Arts & Culture

The hype behind the horror

Why are we still invested in horror movies?

The hype behind the horror
A promotional photo of Boris Karloff as Frankenstein's monster for the film Frankenstein (1931). Jack Pierce was the make-up artist.
written by Anahit Kondyan
October 26, 2018 12:08 pm

With Halloween right around the corner, horror movies are more popular than ever, leading to the question: what it is about them that captivates its viewers? Is it because we are secretly masochists? Do we enjoy subjecting ourselves to things that terrify us? 

After polling 20 Dalhousie University students on campus about watching horror movies, it was revealed that 65 per cent of those students enjoyed them on a regular basis, with a further 15 per cent stating that they watched them occasionally.  

When asked what it was that they liked about horror movies, answers varied. Some said it was the jump scares, while others said it depended on how realistic the film felt, or whether or not it was based on a true story.  

“The scariest thing about them is how they can affect you psychologically afterwards,” says Melina Fleming, a second-year Marine Biology student, “Those moments where you imagine the horror is following you in your real life.”  

Faidat Olatunbosun, a second-year psychology student and horror movie connoisseur, favors the adrenaline rush. “I just love the thrill, you know. It reminds me of being on a rollercoaster ride,” they said. “I’ll be scared, but I like the feeling of being scared. That’s what makes it a rush.” 

This appears as a popular opinion among Dalhousie students. When asked why they love horror movies so much, 58 per cent attributed it to an adrenaline rush.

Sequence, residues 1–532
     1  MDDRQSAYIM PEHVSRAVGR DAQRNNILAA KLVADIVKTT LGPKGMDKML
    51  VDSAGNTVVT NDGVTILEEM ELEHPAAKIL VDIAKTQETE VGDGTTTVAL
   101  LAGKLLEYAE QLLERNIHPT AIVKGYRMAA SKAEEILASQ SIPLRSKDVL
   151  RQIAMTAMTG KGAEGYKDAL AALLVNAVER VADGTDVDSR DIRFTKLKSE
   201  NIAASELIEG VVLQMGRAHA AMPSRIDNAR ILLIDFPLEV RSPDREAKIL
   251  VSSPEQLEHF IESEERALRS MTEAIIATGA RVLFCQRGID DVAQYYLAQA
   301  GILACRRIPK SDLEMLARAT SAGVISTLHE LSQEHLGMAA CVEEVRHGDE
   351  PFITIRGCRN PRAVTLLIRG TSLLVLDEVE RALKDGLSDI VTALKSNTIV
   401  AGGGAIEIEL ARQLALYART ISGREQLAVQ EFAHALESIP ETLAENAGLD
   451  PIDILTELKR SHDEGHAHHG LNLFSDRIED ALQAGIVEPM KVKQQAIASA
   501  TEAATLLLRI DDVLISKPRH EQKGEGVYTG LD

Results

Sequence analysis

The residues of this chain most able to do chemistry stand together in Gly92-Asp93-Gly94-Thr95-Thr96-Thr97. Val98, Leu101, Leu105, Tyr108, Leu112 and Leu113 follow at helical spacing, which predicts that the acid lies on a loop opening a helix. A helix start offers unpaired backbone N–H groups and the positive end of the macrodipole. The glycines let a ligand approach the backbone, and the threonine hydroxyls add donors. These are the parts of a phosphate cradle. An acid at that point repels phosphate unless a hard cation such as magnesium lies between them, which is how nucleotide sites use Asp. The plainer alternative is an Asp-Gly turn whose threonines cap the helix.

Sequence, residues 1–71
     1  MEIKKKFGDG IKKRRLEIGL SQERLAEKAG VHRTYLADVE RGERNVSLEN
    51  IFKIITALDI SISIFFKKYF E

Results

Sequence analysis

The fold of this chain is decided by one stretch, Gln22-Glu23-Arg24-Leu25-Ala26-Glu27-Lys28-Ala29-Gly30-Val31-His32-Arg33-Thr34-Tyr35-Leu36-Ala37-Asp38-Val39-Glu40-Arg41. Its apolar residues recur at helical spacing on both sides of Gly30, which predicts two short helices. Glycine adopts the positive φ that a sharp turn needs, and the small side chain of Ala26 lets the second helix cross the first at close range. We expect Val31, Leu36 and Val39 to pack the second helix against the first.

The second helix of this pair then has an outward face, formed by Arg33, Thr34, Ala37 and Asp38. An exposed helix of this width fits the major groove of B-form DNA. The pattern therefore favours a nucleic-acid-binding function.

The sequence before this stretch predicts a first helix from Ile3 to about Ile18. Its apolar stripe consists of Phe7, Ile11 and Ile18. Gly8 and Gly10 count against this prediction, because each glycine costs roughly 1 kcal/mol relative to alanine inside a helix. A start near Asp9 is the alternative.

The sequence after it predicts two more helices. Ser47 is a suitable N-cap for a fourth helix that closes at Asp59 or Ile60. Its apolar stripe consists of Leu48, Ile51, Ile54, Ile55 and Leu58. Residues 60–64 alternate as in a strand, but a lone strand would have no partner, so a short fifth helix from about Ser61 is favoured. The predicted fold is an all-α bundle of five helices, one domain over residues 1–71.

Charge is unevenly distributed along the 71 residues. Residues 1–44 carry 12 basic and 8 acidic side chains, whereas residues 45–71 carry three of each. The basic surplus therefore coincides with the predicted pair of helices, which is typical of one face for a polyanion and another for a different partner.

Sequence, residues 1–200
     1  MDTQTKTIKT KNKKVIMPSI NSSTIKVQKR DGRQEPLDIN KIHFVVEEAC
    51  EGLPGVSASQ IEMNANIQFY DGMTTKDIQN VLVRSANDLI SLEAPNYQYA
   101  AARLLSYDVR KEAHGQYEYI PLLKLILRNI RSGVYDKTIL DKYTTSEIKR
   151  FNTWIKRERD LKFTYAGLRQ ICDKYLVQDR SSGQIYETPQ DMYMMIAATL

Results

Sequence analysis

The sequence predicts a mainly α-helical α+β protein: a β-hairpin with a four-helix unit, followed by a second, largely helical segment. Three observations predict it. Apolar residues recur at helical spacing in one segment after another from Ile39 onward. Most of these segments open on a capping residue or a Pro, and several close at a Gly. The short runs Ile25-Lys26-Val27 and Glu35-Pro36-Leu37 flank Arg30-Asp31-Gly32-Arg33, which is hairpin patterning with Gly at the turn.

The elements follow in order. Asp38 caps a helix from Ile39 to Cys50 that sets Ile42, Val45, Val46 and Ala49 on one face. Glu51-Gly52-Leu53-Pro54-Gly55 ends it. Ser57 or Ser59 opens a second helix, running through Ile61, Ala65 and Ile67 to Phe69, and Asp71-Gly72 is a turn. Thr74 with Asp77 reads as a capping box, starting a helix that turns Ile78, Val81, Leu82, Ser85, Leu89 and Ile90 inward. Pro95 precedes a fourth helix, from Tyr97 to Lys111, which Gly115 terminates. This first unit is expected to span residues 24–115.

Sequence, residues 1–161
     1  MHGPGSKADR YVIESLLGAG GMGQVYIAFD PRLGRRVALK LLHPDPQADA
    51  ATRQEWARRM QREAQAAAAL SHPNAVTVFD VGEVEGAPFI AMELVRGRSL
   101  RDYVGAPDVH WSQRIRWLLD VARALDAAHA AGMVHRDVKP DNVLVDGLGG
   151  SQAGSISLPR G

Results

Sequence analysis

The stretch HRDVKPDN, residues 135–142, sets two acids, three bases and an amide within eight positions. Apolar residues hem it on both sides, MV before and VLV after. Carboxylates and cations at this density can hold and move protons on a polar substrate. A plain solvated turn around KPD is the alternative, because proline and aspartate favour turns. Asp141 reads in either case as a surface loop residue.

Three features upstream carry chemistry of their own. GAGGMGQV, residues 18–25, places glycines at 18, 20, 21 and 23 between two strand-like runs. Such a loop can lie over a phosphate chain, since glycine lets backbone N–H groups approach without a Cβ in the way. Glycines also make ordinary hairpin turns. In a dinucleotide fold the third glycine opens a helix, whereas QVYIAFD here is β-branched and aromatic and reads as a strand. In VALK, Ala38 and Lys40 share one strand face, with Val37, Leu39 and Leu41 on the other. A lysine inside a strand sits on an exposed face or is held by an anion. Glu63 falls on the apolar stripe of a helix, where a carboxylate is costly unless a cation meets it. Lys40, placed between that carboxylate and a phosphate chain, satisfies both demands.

However, while the recipe for a good horror movie might be subjective, it’s not enough to just be scary anymore.  

Horror movie buffs can tell when a new flick is trying too hard.  

“A lot of horror movies these days just place a few basic jump scares on a crappy plot,” says Chichi Mugavazi, when expressing her dissatisfaction with recent horror releases. “If I’m not attached to the characters or if I don’t care about what’s happening, then it doesn’t feel authentic. The whole thing just falls apart.”  

History of Horror 

Standards for horror movies have certainly risen since the first horror film came out in 1896.  

Le Manoir du Diable, or The Haunted Castle, was a three-minute silent picture filmed in the garden of influential early French filmmaker, Georges Méliès. It may appear as a minnow in a sea full of sharks compared to the big blockbuster films of today, but it was pivotal for not only being one of the first films ever made, but for being the first film to depict elements of the supernatural. 

Le Manoir du Diable can be attributed to shaping some of the horror movies of the mid-20th century, which primarily focused on supernatural creatures like Frankenstein or Nosferatu. But the genre has since reinvented itself.   

We don’t generally see horror movies about monsters anymore.  

Nowadays, the films making their way to the big screen focus on our own reality. For instance, Get Out – a movie about a Black man whose White girlfriend’s family runs an operation of transplanting the brains of elderly White people into the bodies of young Black people – is equal parts horror, dark comedy and social commentary.   

“Most movies that say they are based on a true story, or feel like they could happen in real life, are more impactful,” says Olatunbosun. “They get you thinking about people you know or situations you’ve been in and you feel like this could happen to you. That’s what terrifies me, but it’s also what keeps me invested.”  

Whether you love them or hate them – or love to hate them – horror movies inspire a sense of admiration and fear. They are gripping in their twisted, macabre tales and are constantly evolving, pushing the boundaries to test the limits of their audience. They keep us coming back with the promise of the unexpected, or something bold and never before seen. 

“I want to be afraid; I want to be on the edge of my seat,” says Mugavazi, laughing over the strangeness of her own words. “If a movie can do that, then it can take my money.”  

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